While the National Arbor Day observance is celebrated on the last Friday in April, many states have implemented state-recognized Arbor Days that reflect the best time for planting in their region.
Tennessee and North Carolina share more than just a border, they both celebrate Arbor Day the first Friday of March. We take a look back at how some of their Tree City USA communities have observed the tradition.
Charlotte—A recognized Tree City USA community for 34 years—observed Arbor Day with city officials planting two oak trees in a local park in honor of the retiring president of the Charlotte-Mecklenburg Housing Partnership.
Greensboro—A recognized Tree City USA community for 23 years and Growth Award recipient for eight years—observed Arbor Day with a tree planting commemorating the 45th anniversary of Greensboro Beautiful. Greensboro Beautiful is a nonprofit volunteer organization with the mission to conserve and enhance the beauty and ecology of the Greensboro community through public and private cooperation.
More than 150 volunteers gathered to plant 45 trees across various parts of downtown Greensboro. Each tree was tagged to show the positive financial impact it has on the environment duing the next 15 years.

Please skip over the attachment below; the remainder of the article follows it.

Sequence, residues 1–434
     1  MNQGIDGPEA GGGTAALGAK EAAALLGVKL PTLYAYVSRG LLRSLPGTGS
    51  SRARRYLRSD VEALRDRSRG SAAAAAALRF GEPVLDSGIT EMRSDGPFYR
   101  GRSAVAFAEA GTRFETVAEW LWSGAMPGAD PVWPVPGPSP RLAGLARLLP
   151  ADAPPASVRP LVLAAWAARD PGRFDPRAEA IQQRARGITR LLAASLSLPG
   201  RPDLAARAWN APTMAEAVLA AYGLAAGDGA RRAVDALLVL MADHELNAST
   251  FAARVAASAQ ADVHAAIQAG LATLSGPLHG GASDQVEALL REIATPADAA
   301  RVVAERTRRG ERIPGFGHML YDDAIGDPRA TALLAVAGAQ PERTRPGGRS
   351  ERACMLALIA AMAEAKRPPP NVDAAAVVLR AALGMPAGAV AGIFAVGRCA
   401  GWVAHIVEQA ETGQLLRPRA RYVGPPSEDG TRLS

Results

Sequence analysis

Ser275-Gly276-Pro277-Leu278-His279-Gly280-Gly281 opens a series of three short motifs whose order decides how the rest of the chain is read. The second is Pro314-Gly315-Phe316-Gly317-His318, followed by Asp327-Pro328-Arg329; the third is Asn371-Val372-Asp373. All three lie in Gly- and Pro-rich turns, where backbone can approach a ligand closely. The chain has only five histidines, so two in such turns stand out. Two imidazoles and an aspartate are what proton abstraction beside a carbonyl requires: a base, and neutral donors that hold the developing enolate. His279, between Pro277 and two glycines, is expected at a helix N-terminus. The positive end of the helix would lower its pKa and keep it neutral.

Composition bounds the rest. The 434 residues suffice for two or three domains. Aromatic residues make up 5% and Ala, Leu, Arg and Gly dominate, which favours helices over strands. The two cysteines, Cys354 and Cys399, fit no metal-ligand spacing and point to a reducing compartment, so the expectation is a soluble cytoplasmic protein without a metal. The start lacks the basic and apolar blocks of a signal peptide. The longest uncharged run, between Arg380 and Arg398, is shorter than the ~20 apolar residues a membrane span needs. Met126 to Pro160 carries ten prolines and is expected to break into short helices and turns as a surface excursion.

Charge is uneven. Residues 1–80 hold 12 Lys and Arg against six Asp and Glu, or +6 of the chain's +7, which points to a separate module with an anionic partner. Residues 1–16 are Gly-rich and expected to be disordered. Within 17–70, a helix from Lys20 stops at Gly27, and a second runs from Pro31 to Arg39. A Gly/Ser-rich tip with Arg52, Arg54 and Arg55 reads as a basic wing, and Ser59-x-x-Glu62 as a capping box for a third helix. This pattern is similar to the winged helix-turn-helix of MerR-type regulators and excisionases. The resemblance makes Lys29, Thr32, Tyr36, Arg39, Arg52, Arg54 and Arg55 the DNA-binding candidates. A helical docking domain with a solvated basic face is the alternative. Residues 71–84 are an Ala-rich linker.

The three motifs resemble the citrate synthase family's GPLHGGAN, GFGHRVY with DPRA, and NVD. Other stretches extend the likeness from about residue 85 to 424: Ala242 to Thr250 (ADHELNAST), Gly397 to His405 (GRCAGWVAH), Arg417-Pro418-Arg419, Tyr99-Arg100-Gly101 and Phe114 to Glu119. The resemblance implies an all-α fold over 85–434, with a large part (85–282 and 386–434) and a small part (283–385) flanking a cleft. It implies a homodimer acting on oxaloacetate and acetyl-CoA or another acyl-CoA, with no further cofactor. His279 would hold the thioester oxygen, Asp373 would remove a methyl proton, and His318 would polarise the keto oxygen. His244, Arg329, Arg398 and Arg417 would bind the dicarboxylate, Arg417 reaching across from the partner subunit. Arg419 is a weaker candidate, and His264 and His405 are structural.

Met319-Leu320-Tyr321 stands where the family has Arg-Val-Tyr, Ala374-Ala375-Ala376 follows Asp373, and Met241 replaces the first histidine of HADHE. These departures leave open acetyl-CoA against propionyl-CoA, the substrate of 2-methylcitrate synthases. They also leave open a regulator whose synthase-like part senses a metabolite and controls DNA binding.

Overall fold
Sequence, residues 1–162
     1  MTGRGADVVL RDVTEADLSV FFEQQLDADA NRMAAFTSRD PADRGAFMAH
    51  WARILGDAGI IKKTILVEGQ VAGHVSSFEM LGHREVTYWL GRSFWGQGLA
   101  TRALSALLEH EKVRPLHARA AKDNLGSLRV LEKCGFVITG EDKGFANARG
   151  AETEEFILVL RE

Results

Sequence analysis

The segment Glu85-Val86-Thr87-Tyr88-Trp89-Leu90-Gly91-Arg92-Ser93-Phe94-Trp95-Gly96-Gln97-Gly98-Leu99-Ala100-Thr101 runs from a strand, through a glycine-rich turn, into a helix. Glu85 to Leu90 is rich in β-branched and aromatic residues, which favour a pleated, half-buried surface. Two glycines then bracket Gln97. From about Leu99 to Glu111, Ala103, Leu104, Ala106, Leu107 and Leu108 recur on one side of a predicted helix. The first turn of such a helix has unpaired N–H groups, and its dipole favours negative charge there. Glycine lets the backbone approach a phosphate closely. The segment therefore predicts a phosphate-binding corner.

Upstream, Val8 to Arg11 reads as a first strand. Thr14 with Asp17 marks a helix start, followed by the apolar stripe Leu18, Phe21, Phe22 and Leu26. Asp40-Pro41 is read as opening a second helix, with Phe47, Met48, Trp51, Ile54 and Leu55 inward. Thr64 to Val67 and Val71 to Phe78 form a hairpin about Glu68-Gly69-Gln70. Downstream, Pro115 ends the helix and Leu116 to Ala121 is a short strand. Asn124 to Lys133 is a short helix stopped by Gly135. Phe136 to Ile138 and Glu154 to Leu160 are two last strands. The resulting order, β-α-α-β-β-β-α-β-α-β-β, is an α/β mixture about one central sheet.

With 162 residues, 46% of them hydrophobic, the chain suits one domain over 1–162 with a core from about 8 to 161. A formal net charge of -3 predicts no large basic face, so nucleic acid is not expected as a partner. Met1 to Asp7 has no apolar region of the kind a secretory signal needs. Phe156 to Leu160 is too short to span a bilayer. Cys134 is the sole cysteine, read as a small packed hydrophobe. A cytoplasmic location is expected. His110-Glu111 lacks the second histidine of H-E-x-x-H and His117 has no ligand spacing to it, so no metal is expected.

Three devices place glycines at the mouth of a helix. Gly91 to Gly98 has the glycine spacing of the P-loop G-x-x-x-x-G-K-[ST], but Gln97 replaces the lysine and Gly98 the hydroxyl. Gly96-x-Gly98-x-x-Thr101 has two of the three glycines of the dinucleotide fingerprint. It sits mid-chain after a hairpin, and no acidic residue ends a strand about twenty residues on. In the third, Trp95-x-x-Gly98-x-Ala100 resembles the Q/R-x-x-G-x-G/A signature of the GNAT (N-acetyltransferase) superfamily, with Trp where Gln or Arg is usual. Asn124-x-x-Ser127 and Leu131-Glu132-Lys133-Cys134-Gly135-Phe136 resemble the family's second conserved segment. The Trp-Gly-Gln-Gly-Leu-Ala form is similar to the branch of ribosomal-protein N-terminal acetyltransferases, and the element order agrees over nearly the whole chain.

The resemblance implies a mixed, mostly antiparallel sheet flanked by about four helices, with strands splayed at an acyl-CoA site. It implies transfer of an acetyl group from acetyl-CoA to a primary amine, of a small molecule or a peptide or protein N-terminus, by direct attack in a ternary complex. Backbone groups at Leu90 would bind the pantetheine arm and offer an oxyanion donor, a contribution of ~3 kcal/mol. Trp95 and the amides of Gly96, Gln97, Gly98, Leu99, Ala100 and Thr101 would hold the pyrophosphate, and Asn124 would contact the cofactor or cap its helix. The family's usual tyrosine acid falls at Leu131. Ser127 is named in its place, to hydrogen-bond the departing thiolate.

Nashville—A recognized Tree City USA community for 18 years—commemorated Arbor Day with a memorial tree dedication in honor of four city officials. The city also acknowledged National Electric Service for its fifth year of being designated as a Tree Line USA utility company.
Knoxville—A recognized Tree City USA community for 23 years and Growth Award recipient for five years—was granted the opportunity to host the state’s official Arbor Day celebration last year because its tree board was recognized as the state’s Tree Board of the Year in 2012. The celebration included an Arbor Day skit performed by local students.
Knoxville earned the state award for its work in completing the city’s first tree inventory and management plan for public property. The city plants about 350 new trees every year in addition to the thousands it currently manages.
If you’re interested in catching a glimpse of either state’s tree canopy, you might consider hiking the Appalachian Trail, where several miles of terrain fall along the North Carolina-Tennessee Border. Visitors can take in the miles of Oaks, Maples, and Firs that adorn the region.